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Recently, we’ve been seeing a higher demand for blog posts on advice for business owners and entrepreneurs. So, Workwolf Marketing Consultant Lara Kremer has been meeting with some very influential business owners and entrepreneurs alike to ask them what their biggest challenges were and how they overcame them. One such meeting was with Yoon Cannon, a business growth coach and three-time successful business founder, who herself works daily to support entrepreneurs who aim for the kind of success Cannon has found. And of the most common challenges Cannon has learned founders and businesspeople face, the bottleneck effect is one that comes up time and again. Specifically, many of her clients note that they themselves are unintentionally causing a bottleneck effect in their workflow, since no one quite has the skill or knowledge that they have. So, are you, too, causing this bottleneck in your business?

Cannon offer us her advice on the matter, along with more solutions for the other challenges business owners face time and again below.

The Most Common Challenges Business Owners Face

Now, the owner and business consultant extraordinaire with Paramount Business Coach, Cannon helps founders and business people scale their businesses in the Philadelphia, Pennsylvania area. Having started and sold three other successful businesses since 1992, Cannon has a lot of knowledge and experience to share with others also looking to find such success.

“It’s lonely being an entrepreneur, being by yourself,” Cannon says. “There are not a lot of community groups out there that are designed to help other entrepreneurs.” So, Cannon, herself, wanted to be that community. And in doing so, she has found some very common problems business owners face.

These, she notes, include what she calls the bottleneck effect—a kind of funnelling that prevents optimal productivity.

These bottlenecks usually happen, as Cannon notes, at processes that rely heavily on one or a very limited few whose expertise drive certain processes. And, unfortunately, this is not a unique experience. Countless founders and business owners face this issue mostly because, as Cannon recognizes, it’s not always easy to break down and teach processes that are quite natural or come easily to them.

Instead, these owners and CEOs (often called the “chief everything officer“) try to wear all the proverbial hats in their organization. But, of course, there’s only so much one or two people can do on their own without support from an internal or external team.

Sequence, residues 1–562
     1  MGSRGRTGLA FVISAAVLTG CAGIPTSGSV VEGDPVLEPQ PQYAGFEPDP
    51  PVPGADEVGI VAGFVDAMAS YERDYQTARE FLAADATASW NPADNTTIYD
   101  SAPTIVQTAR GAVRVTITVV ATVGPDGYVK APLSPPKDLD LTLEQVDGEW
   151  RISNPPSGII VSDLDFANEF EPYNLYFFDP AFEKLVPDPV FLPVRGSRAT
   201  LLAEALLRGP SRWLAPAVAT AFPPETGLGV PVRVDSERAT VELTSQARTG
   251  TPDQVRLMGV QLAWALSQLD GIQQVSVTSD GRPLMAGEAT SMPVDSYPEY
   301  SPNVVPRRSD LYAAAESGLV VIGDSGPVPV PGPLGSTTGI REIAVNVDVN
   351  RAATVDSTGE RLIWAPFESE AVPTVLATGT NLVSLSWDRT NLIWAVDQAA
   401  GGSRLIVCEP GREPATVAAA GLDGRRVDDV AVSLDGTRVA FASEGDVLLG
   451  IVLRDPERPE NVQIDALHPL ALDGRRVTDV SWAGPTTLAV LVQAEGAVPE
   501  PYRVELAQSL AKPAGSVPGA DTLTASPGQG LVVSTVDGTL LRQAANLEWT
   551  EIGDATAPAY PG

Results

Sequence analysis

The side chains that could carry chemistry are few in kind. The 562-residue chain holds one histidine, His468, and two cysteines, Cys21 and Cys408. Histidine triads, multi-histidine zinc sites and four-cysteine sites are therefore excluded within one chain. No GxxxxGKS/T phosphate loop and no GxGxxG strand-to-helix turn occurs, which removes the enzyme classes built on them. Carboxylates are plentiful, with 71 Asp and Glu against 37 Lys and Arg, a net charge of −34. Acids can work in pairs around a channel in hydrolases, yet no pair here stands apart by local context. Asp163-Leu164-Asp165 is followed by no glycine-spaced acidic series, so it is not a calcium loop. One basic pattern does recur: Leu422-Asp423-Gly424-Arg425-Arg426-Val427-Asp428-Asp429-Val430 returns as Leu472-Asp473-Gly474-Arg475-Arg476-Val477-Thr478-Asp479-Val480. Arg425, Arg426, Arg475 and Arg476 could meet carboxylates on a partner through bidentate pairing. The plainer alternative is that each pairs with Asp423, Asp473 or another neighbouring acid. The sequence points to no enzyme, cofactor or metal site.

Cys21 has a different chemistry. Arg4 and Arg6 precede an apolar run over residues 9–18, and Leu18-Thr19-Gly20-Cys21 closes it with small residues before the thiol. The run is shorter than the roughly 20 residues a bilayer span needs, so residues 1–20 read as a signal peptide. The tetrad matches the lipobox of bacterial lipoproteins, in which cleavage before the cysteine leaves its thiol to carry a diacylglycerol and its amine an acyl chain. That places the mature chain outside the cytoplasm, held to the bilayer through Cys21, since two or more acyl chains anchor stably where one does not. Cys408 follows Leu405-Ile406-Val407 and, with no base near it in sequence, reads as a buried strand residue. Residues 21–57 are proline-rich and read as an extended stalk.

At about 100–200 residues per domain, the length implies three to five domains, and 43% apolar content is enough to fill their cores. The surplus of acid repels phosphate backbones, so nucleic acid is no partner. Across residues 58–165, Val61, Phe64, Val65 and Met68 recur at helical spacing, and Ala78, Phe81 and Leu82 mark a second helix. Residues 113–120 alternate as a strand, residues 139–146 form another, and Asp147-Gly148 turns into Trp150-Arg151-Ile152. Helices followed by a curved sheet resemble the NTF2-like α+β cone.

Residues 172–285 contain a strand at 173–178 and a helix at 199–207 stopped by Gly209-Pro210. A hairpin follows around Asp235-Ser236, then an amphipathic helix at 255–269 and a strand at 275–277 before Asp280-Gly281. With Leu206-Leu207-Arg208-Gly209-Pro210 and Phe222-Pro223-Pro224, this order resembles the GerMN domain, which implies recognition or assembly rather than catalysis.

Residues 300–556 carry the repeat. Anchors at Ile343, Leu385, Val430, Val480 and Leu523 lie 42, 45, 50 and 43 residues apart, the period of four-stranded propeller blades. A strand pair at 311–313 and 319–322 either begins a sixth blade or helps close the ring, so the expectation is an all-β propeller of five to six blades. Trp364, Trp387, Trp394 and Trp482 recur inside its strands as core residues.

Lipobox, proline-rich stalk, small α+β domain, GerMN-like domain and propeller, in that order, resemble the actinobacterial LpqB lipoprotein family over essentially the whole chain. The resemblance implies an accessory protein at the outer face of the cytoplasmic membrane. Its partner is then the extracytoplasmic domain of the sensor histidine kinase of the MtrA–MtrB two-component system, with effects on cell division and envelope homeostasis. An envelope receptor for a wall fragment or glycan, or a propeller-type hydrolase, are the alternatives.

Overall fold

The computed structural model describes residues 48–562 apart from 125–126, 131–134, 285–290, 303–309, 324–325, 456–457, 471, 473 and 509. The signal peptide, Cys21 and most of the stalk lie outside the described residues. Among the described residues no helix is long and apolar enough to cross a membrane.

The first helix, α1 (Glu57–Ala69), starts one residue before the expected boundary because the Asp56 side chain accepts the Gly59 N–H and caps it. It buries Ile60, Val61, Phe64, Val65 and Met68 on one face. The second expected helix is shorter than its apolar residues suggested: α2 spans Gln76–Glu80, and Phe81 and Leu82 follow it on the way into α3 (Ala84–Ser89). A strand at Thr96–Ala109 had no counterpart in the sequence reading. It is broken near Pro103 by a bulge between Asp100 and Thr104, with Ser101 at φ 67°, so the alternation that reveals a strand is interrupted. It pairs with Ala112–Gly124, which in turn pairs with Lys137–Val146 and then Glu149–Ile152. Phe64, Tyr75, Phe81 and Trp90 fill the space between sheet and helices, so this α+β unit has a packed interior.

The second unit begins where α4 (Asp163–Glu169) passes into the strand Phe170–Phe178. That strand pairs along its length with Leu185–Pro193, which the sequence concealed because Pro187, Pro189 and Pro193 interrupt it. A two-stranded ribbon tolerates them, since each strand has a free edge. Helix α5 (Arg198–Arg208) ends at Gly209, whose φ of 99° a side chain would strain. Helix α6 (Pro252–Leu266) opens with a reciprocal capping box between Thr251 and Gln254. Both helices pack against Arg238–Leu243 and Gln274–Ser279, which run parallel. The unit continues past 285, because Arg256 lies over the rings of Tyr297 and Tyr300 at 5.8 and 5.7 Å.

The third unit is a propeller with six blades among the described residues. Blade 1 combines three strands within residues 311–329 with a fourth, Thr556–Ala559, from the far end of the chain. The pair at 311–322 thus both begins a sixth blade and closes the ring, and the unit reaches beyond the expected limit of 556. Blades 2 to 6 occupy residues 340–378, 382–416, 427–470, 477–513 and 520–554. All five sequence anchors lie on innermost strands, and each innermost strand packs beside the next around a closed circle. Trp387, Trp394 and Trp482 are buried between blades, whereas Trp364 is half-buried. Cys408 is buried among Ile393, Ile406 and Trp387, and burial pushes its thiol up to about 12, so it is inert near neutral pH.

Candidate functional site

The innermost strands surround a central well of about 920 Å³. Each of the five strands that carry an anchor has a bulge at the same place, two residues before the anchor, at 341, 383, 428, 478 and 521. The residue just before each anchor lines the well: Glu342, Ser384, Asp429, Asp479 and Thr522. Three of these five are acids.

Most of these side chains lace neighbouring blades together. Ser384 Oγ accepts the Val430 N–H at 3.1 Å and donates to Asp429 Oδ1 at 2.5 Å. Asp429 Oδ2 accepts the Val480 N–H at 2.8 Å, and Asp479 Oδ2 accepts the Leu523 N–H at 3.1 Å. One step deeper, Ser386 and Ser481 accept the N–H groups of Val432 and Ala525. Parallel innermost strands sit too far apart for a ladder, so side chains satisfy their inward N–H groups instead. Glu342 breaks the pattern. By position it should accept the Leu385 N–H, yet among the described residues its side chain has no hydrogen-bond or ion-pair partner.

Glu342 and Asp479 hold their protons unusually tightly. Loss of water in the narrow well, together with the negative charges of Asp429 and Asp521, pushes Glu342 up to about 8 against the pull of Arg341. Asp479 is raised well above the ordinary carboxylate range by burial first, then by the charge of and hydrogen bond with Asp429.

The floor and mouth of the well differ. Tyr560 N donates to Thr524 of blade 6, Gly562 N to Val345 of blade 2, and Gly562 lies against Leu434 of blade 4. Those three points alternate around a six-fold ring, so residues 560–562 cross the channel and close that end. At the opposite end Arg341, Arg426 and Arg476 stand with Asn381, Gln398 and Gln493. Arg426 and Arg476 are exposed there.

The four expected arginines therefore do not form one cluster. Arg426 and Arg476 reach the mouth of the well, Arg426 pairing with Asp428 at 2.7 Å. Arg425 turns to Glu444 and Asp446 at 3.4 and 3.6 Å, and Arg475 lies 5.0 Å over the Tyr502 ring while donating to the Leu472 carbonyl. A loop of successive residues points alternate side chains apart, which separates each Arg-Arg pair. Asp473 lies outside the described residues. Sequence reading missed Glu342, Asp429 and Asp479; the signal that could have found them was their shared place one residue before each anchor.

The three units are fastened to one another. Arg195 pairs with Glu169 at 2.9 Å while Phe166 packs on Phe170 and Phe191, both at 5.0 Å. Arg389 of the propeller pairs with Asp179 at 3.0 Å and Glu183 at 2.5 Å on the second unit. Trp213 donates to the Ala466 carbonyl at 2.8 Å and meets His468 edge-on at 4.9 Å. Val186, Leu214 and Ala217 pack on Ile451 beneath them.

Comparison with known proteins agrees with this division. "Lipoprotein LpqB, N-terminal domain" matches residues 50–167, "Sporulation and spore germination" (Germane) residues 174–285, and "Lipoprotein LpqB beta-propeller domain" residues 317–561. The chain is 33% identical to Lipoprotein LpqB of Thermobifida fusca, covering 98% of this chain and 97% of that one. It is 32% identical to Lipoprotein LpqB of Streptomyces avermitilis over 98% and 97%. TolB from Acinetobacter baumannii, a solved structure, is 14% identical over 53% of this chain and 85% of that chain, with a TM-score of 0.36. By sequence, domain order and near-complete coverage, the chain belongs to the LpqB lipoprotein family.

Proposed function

This, Cannon notes, is where she notices the bottleneck effect happening—a kind of funnelling that prevents optimal productivity.

Are You the Bottleneck in Your Business?

As Cannon notes, there are two main causes for bottleneck effects in business, especially when the CEO is wearing the many hats they are want to wear. These bottlenecks are mostly caused from:

1. Not having sufficient staff members for the amount of workload the company takes on, and

2. Not having an efficient enough process that has already been tested and put in place for long-term success.

But, of course, when starting a business, resources can be tight, so the temptation to take all the tasks on yourself is high. So, if you aren’t able to, like Cannon did with one of her businesses, hire a team of 30 before demand becomes too high for your organization to manage, Cannon instead suggests looking to outsource.

That is, of course, depending on your organization’s needs, goals, and abilities, Cannon suggests hiring an external team to help with individual projects at a time.

Of course, with certain processes still requiring your oversight and approval, however, this can still to an extent cause a bottleneck effect. As such, Cannon continues to say that putting in place a system that automates or at least regulates certain work processes.

This will cut down on the amount of work that involve the business owners/founders. And this, Cannon notes, is key for both preventing the bottleneck effect and ensuring the organization can run smoothly without constant supervision or overhead.


A headshot of Yoon Cannon. She is a Korean-American woman with long, light brown curly hair and a sleek, light fringe across her forehead. She has a brilliant smile and is posed leaning toward the camera invitingly here, wearing an electric blue blouse.

Photo courtesy of Yoon Cannon.

As business consultant at Paramount Business Coach Yoon Cannon notes, the bottleneck effect is one of the most common challenges businesses face. That is, the bottleneck effect is that which hinders productivity due to over-reliance on one or a few individuals. To address this, Cannon recommends outsourcing tasks where possible and implementing a reliable process (ideally, one that involves automated processes) to prevent bottlenecks and ensure smooth business operations

Special thanks to Yoon Cannon for the expert advice in this blog post. If you’re looking for a business coach to prevent the bottleneck effect in your organization, look no further than the Paramount Business Coach website. Feel free to connect with Yoon Cannon there or via her LinkedIn page.

If you have expert advice you’d like to offer us and be featured in a blog post like this one, let us know! Leave a comment on our latest LinkedIn post letting us know what expert advice you have to share.

We can’t wait to connect with you!


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